He wears a white brimmed hat with a black band, his gracious good manners either hereditary or the result of many years promoting his family's Chinaco tequila and then his own super-premium brand, T1. With his likeness on swizzle sticks jutting from cocktails containing his "Selecto" married with cantaloupe and carrot purees, German Gonzalez surveys the crowd at Red Mesa Cantina. A few dozen enthusiasts crowd the first-floor bar area for an evening of "alta cocina and tequila fina."
In recent years, tequila has ditched its Cuervo Gold salt-shot-lime-shudder reputation, emerging as a liquor category with all of the finesse and nuance of cognacs or scotches. There are reasons for that.
Gonzalez, for instance, uses scotch barrels to age his products. But he gives a great deal of credit to his dad.
"My father's was the first premium tequila in the U.S. It was sipping tequila, something you could drink neat," he said.
His family's roots run deep: His great-great-grandfather was the president of Mexico in 1880, president of the national bank of Mexico and the man responsible for bringing electricity and an expanded railroad system to Mexico City. Nonetheless, in 2007 Gonzalez broke away from the family business, moving to San Antonio, Texas, to learn more about the American market and distribution. It didn't go over well.
Even the name of his brand flies in the face of tradition. Herradura, Siete Leguas, Milagro ... and T1?
"It's a brand people can pronounce even in China," Gonzalez says as hogfish ceviche is cleared to make way for Red Mesa chef Chris Fernandez's squash blossom and epazote quesadilla.
There are 200 types of agave in Mexico, tequila legally made from only the blue agave. Historically, though, the spirit wasn't made from 100 percent agave, Gonzalez says, and thus the result was harsh, something best covered up with lime, salt and such.
These days, the United States is the No. 1 market for tequila. When Gonzalez started making T1, 100 percent blue agave tequila accounted for only 2 percent of sales, he says. Now that number is 65 percent.
The crowd samples the T1 reposado, aged six months in oak barrels. It is paired with Fernandez's luscious chiles en nogada — roasted pork picadillo inside a poblano, the whole thing napped with a walnut sauce and dotted with pomegranate seeds. Guests swirl their champagne flutes, the heady smell just reminiscent of scotch. Maybe not the strong peaty smokiness of Islay, Scotland, but more the mellow sweetness of Speyside.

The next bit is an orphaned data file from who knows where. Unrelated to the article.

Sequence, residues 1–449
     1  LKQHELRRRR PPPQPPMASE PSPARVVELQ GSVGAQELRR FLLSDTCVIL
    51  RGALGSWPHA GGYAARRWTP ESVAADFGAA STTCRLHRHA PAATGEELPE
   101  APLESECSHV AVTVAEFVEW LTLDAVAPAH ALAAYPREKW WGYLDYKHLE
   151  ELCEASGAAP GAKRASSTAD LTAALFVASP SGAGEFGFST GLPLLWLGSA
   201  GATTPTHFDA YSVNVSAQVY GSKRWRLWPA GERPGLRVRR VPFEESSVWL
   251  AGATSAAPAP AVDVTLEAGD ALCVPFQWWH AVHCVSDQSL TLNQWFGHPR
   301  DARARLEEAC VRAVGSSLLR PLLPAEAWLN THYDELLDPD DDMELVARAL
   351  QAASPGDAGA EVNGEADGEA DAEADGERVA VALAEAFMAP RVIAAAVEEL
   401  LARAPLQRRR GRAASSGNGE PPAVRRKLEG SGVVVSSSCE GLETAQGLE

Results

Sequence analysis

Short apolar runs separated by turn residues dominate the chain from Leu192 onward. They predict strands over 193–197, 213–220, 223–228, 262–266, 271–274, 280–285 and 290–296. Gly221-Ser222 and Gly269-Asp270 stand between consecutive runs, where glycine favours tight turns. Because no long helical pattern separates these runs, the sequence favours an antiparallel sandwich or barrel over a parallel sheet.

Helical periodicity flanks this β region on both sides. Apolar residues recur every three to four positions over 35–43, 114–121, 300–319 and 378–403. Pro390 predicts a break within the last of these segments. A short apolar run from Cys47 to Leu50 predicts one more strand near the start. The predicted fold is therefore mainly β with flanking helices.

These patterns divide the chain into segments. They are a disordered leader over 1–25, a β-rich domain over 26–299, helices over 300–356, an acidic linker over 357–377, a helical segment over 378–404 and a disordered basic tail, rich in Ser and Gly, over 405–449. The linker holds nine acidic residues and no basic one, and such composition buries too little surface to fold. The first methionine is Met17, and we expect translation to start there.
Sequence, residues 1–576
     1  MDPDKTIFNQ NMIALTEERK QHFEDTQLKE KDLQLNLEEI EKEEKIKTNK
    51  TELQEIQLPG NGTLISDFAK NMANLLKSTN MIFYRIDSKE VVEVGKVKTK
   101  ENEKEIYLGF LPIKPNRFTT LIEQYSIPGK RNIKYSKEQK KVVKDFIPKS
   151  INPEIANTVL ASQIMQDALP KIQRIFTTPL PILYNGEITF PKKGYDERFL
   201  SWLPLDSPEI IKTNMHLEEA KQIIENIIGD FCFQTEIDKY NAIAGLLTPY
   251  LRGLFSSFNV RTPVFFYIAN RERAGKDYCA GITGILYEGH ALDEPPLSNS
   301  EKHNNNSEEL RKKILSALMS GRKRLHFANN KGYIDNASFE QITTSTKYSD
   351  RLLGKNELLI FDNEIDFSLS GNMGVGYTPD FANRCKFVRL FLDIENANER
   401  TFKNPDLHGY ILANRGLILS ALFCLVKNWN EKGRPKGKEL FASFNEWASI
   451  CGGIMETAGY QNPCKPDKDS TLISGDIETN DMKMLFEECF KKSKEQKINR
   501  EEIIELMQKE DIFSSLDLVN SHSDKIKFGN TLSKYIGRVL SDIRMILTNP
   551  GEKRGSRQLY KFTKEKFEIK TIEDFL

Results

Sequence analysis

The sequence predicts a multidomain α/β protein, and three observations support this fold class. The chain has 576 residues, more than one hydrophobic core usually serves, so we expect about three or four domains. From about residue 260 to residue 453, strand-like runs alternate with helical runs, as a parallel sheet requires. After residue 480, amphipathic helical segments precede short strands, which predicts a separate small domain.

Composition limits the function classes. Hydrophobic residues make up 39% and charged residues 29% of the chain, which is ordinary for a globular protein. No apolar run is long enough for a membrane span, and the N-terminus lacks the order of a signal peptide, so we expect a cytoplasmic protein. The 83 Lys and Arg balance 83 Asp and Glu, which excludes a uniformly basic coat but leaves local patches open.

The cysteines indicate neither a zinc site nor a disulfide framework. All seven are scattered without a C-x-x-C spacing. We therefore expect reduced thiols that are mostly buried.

It's more pronounced with the T1 anejo, which is aged for 24 months in scotch barrels, the deep golden liquor juxtaposed at Red Mesa Cantina with a nuanced and sultry mole negro with duck confit.
But when the crowd gets to what is widely called the "Pappy Van Winkle of tequilas," it's something else entirely. Gonzalez's T1 Tears of Llorona is a blend of three anejos, one aged in scotch barrels, another in cognac and a third in sherry casks.
"The scotch barrel is for dryness, the cognac barrels for sweetness and the sherry to get a little fruitiness," the master distiller says as pumpkin flans are marched out of the kitchen.
The first Llorona he made only 1,500 bottles of; the second year he made 2,000. It retails for $250. Stunning.
"Agave is like grapes, terroir is important. And the most important thing about agave is maturity," Gonzalez says as the evening winds down.
But what about the name? Who is Llorona?
"It's a Mexican legend. Parents tell their children, 'If you don't behave, Llorona will come and get you.' It's the bogeyman," Gonzalez explains.
Tipping the last of their Llorona glasses back, it's clear the crowd at Red Mesa Cantina is not afraid of the bogeyman.
Contact Laura Reiley at firstname.lastname@example.org or (727) 892-2293. Follow @lreiley on Twitter.